Welcome to the first day of Bad Moon On The Rise! Today the featured author is Calvin Dean – I’ve had the pleasure of reading this book, as well as another of Calvin’s and am anxiously awaiting the next one.
Popular high school senior, Daniel Townsend, is dead—victim of a suspicious car crash. As classmates Marc and Angela investigate, a chance discovery pinpoints Daniel at a crumbling antebellum mansion—the old Jonas Barloff estate.
The house looks uninhabitable. Haunted. Evil.
While inspecting the Barloff family cemetery, Marc notices a towering grave marker with a perplexing inscription. What does the epitaph mean, and who is the old man claiming to be Jonas Barloff?
To solve the mystery, Marc and Angela must comb through a phantom infested antebellum mansion. Witness a sordid grave exhumation. Attend a wicked, hair-raising séance. And learn the true identity of Jonas Barloff. Will any of these pieces of the puzzle help them lay the mysteries to rest once and for all? Oh, no. Not hardly. Not until they come face-to-face with an evil no one could possibly imagine. Even if they live to tell the story, no one will believe them. Not in a million years.
How long have you been writing horror/thrillers and what drew you to the genre?
As kids, my sister and I took chairs from the kitchen table, dragged them to a nearby bedroom and arranged them like a movie theater. We’d turn the television channel to a locally emceed Creature Feature and enjoy a good old-fashioned horror flick complete with popcorn and soft drinks. We’d pick a chair and get comfortable, but before long we’d find ourselves in bed beneath the covers. Frankenstein, Dracula, and a host of other classics forever sealed my love for horror and the paranormal. I also grew up on The Twilight Zone, Hitchcock Presents and anything that produced shivers or made my heart skip a beat.
It’s no small wonder that I gravitated to the horror/mystery/thriller genre as an author. My first foray into the occult came in the ninth grade when my English teacher instructed the class to write a short story. I returned with three whole pages of paranormal prose worthy of Rod Serling. The Epitaph of Jonas Barloff did not receive rave reviews from my teacher. In fact, she accused me of plagiarism though she never cited the work I supposedly copied. After a visit from my mom, the teacher relinquished and changed my grade from an F to a D. I credit my teacher’s rebuke with fortuitously convincing me that I had a tale to tell.
The story remained buried deep inside for decades. One day, I decided to turn those original three pages into a three hundred-page novel. The Epitaph of Jonas Barloff premiered on Amazon and Barnes & Noble in 2013 and reached the top of Amazon’s Horror/Occult listing.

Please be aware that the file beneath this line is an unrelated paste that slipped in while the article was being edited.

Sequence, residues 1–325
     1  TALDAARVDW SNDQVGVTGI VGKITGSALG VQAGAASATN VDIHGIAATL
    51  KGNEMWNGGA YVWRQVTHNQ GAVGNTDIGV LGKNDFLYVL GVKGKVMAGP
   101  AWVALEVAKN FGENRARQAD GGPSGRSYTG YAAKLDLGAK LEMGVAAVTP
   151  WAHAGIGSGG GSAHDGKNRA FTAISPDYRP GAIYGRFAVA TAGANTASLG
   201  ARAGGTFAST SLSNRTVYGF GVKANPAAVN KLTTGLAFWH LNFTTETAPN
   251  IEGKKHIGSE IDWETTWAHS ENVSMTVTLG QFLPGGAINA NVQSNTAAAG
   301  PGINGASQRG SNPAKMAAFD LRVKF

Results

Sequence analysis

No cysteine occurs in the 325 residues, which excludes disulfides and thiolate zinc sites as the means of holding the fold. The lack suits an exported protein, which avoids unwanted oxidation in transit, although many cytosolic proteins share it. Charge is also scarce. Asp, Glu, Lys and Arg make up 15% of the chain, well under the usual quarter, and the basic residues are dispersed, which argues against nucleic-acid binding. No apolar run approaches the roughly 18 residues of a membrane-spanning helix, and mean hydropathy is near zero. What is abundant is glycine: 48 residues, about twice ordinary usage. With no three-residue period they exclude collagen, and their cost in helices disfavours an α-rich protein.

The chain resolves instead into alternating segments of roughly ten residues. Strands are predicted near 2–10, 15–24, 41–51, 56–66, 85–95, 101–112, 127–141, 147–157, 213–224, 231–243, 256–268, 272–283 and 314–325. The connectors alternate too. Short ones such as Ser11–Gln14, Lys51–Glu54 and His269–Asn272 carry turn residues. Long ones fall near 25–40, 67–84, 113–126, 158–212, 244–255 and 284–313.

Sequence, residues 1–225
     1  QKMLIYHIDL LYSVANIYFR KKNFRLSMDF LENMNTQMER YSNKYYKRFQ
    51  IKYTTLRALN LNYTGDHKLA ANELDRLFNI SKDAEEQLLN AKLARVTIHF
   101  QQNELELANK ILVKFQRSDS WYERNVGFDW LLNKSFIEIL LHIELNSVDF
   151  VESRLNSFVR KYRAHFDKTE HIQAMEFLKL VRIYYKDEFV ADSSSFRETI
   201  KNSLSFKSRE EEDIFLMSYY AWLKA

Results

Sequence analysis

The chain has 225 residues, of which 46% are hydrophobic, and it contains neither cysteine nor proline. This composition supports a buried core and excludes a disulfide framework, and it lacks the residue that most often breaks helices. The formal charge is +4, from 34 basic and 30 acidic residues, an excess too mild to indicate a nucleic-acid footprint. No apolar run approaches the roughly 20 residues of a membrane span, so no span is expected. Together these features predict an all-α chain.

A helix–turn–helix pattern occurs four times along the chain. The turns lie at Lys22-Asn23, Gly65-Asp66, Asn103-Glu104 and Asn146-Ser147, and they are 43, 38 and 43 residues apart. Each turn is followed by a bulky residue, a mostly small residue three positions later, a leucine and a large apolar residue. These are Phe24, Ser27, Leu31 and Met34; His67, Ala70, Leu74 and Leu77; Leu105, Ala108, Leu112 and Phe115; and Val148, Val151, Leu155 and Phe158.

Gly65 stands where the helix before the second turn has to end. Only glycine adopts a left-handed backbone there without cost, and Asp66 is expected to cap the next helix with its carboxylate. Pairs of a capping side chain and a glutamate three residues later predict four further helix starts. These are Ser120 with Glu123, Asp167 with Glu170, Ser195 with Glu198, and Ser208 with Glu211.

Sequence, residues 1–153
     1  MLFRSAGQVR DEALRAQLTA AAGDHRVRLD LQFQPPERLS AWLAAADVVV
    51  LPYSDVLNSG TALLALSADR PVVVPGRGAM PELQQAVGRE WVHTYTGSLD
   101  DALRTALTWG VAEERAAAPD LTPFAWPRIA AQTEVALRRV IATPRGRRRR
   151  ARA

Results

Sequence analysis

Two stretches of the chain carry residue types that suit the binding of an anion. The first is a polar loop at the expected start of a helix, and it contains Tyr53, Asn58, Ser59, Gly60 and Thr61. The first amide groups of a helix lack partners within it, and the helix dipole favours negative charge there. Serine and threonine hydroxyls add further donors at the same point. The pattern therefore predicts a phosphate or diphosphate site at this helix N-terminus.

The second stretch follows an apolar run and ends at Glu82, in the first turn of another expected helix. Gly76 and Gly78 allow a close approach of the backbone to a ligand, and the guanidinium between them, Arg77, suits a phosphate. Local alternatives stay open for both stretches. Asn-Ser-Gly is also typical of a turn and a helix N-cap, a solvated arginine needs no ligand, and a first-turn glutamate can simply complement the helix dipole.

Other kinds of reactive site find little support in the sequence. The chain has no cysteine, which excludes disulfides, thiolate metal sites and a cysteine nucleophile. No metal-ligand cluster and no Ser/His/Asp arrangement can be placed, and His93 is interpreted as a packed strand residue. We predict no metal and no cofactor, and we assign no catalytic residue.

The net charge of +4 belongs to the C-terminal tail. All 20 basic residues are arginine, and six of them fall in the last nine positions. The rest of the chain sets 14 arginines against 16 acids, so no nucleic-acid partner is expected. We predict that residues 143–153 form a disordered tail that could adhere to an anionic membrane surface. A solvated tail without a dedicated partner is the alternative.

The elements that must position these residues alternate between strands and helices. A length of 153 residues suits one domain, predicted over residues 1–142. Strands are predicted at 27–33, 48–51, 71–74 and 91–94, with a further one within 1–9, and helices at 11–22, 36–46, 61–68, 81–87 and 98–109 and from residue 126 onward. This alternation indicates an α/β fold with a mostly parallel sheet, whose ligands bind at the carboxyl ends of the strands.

How did you come up with the idea for your book?
We’ve all been told to ‘write what we know’. When my English teacher assigned that ninth grade short story, I patterned my narrative after the Twilight Zone television program. It’s what I knew. I had seen all the episodes—each a short story acted out on film. With this blueprint, I sent my protagonist on a joy ride into the country where he encountered a character of my own imagination.
If you could erase one horror cliché, what would it be?
Erase horror clichés? Heavens no! I mean, somebody has to chase the evil villain with clubs and torches. If the priest does not wrestle with dark forces, the author may not have much of a story. And if our heroine is forced to run through the dark forest in daylight, those imaginary goblins may not manifest. No. I insist on keeping all the clichés. Future generations need and deserve them.
What are you working on now?
I’m currently working on a series of novellas entitled “Curses”. The first book is about a bachelor who moves to the country and must exorcise his house of ghosts in order to lift “Stone’s Curse”. For anyone who remembers Madam Zelda from The Epitaph of Jonas Barloff, let me warn you she is back and this time she has more than just a cameo role. I’m not sure when the first book will hit the shelves. Stay tuned. I hope to have big news soon.
Favorite horror movie and book?
My favorite movie? That’s easy. The Grudge is possibly the creepiest movie I have ever seen. I also love the old black and white horrors featuring Boris Karloff, but I’d have to give preference to movies featuring Vincent Price. Now that I think about it, choosing a favorite is not so easy. I liked The Pit and the Pendulum and House of Wax. Ask me again tomorrow and I may have a different answer. As for my favorite book, you’d think I’d pick Edgar Allen Poe’s The Pit and the Pendulum. But no. Dean Koontz is my biggest influence along with Robert McCammon, Greg Iles and even Arthur Conan Doyle. If I had to pick a favorite book, I’d probably say Dead Sleep by Iles, Speaks the Nightbird by McCammon or perhaps an Odd Thomas book by Koontz. No wait! How about Hound of the Baskervilles by Doyle. I really enjoyed that book.
Calvin Dean is the author of two bestselling novels: “The Epitaph of Jonas Barloff” and “A Door Unlocked”. His short story, “The Rookie Umpire”, appeared in Junior Baseball Magazine and is now a free read on Wattpad. When he isn’t at the gym or umpiring Dizzy Dean baseball he is working on the next paranormal, mystery, or suspense book. Calvin lives with his family in the suburbs of Memphis, Tennessee.
Where to find Calvin: